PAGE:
Newport flowering plum trees

Newport Plum Info: Learn How To Grow A Newport Plum Tree

According to the Arbor Day Foundation, properly placed trees in the landscape can increase property values up to 20%. While large trees can also provide us with shade, reduce heating and cooling costs and provide beautiful texture and fall color, not every urban yard has the space for one. However, there are many small ornamental trees that can add charm, beauty and value to small properties.

As a landscape designer and garden center worker, I often suggest smaller ornamentals for these situations. Newport plum (Prunus cerasifera ‘Neportii’) is one of my first suggestions. Continue reading this article for Newport plum info and helpful tips on how to grow a Newport plum.

What is a Newport Plum Tree?

The Newport plum is a small, ornamental tree that grows 15-20 feet (4.5-6 m.) tall and wide. They are hardy in zones 4-9. This plum’s popular attributes are its light pink to white flowers in spring and its deep purple colored foliage throughout the spring, summer and fall.

Depending on region, rose-pink Newport plum blooms appear all over the trees rounded canopy. These buds open to pale pink to white flowers. Newport plum blooms are especially important as nectar plants for early pollinators like the mason bee and monarch butterflies migrating north for summer breeding.

After the blooms fade, Newport plum trees produce small 1-inch (2.5 cm.) diameter plum fruits. Because of these small fruits, Newport plum falls in to a group commonly known as cherry plum trees, and Newport plum is often referred to as Newport cherry plum. The fruit is attractive to birds, squirrels and other small mammals, but the tree is seldom bothered by deer.

Newport plum fruits can be eaten by humans as well. However, these trees are mostly grown as ornamentals for their aesthetic flowers and foliage. One specimen Newport plum in the landscape will not produce a lot of fruit anyway.

Caring for Newport Plum Trees

Newport plum trees were first introduced by the University of Minnesota in 1923. Its history beyond that has been hard to trace, but it is believed that they are native to the Middle East. Although it is not a native to the U.S., it is a popular ornamental tree throughout the country. Newport plum is rated the most cold hardy of the cherry plum trees, but it grows well in the south too.

Newport plum trees grow best in full sun. They will grow in clay, loam or sandy soil. Newport plum can tolerate slightly alkaline soil but prefer acidic soil. In acidic soil, the ovate purple foliage will achieve its best color.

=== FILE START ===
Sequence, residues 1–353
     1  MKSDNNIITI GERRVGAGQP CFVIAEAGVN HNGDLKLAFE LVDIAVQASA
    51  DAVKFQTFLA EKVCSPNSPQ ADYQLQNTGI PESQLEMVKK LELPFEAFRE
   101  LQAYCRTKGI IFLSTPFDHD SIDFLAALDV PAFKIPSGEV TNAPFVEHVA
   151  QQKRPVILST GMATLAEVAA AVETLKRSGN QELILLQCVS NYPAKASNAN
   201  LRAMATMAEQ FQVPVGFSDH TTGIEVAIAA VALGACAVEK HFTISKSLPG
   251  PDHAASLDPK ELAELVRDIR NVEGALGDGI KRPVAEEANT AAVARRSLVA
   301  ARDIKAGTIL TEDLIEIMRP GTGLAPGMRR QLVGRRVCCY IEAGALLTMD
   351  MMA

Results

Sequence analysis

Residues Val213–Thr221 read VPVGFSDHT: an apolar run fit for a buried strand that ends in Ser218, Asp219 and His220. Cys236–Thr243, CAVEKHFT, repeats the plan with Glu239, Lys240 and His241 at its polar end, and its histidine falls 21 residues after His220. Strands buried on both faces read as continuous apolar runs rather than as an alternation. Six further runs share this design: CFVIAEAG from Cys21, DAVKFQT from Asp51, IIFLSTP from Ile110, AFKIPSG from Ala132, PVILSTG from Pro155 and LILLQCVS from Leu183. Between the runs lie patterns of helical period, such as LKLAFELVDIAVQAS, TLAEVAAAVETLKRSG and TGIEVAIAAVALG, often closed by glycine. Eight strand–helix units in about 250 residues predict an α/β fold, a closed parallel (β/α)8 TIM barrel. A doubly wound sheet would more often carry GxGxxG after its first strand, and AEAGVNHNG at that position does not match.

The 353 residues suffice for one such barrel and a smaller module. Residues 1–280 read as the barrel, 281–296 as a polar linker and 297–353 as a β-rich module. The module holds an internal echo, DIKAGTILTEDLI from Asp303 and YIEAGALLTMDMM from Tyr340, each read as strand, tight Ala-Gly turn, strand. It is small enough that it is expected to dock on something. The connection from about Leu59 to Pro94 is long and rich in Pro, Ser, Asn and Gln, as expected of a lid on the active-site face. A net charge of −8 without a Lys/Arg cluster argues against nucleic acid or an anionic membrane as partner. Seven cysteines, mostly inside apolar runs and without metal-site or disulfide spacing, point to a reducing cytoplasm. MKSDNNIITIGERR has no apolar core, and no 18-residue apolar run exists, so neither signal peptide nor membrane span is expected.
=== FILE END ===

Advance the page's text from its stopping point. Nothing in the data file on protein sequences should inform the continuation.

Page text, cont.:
In spring, new foliage and branches will be a red-purple color, which will darken to a deeper purple as the foliage matures. The downside to growing this tree is that its purple foliage is very attractive to Japanese beetles. However, there are many homemade Japanese beetle remedies or natural products that can control these damaging insects without harming our beneficial pollinators.

Newport Flowering Plum

Beautiful Flowers add Color to Your Landscape

Purple Foliage Adds Contrast
Plum-purple leaves make this tree a winner if you’re looking to add a surprising blast of color that defies the norm in the summer months. The Newport Flowering Plum comes alive in the spring with sweet, delicate light pink flowers. It’s the perfect set-up for what’s to follow…bronze colored leaves that darken to a deep purple as the temperatures rise throughout the summer months.
Low Maintenance/Cold Hardy
Climate is not an issue for the Newport. It’s one of the hardiest and most reliable purple-leaf plums. Extreme climate conditions are no problem. This Plum is adaptable to various soil types and will thrive in full sun from Zones 4-10.

No Limits on Location
The Newport Flowering Plum looks amazing when planted as a centerpiece in a garden or flower bed, but this tree requires no accompanying plants, bushes or shrubs to make a statement. While it is quite impressive in any setting, it can stand it’s own as an ornamental, growing in an attractive round form, reaching up to 30 feet tall and 25 feet wide. There are no limits to where you plant it. It does well in the middle of your yard, on the corner of your landscape, and for extra special spark – purchase a few and line them in a row to create a spectacular border.

Order Now
This is a very popular tree and unfortunately, we run out of stock often. That’s because we nurture them at our nursery, and although we have 42+ acres, there is only so much space to dedicate to each of our products. We do the work here so that when they’re delivered to you, they are ready to thrive. If you have any reservations about the health of our trees that we ship, scroll down to see what our customers have to say. We’re very proud of our ability to deliver strong trees that you can plant upon delivery!

Fast Growing Trees flowering plum trees flowering trees large trees Planting Kit shade trees spring blooming plants street trees Tree Spikes //cdn.shopify.com/s/files/1/0059/8835/2052/products/Newport-Flowering-Plum-450w.jpg?v=1549657083 //cdn.shopify.com/s/files/1/0059/8835/2052/products/Newport-Flowering-Plum-2-450w.jpg?v=1549657083 //cdn.shopify.com/s/files/1/0059/8835/2052/products/Newport-Flowering-Plum-3-450w.jpg?v=1549657083 13940765556788 3-4 ft. 59.95 59.95 //cdn.shopify.com/s/assets/no-image-2048-5e88c1b20e087fb7bbe9a3771824e743c244f437e4f8ba93bbf7b11b53f7824c.gif https://www.fast-growing-trees.com/products/newport-plum?variant=13940765556788 OutOfStock 3-4 ft. 13940765589556 4-5 ft. 79.95 79.95 //cdn.shopify.com/s/assets/no-image-2048-5e88c1b20e087fb7bbe9a3771824e743c244f437e4f8ba93bbf7b11b53f7824c.gif https://www.fast-growing-trees.com/products/newport-plum?variant=13940765589556 OutOfStock 4-5 ft. 13940765622324 5-6 ft. 119.95 99.95 //cdn.shopify.com/s/assets/no-image-2048-5e88c1b20e087fb7bbe9a3771824e743c244f437e4f8ba93bbf7b11b53f7824c.gif https://www.fast-growing-trees.com/products/newport-plum?variant=13940765622324 InStock 5-6 ft. 13940765655092 6-7 ft. 119.95 119.95 //cdn.shopify.com/s/assets/no-image-2048-5e88c1b20e087fb7bbe9a3771824e743c244f437e4f8ba93bbf7b11b53f7824c.gif https://www.fast-growing-trees.com/products/newport-plum?variant=13940765655092 OutOfStock 6-7 ft.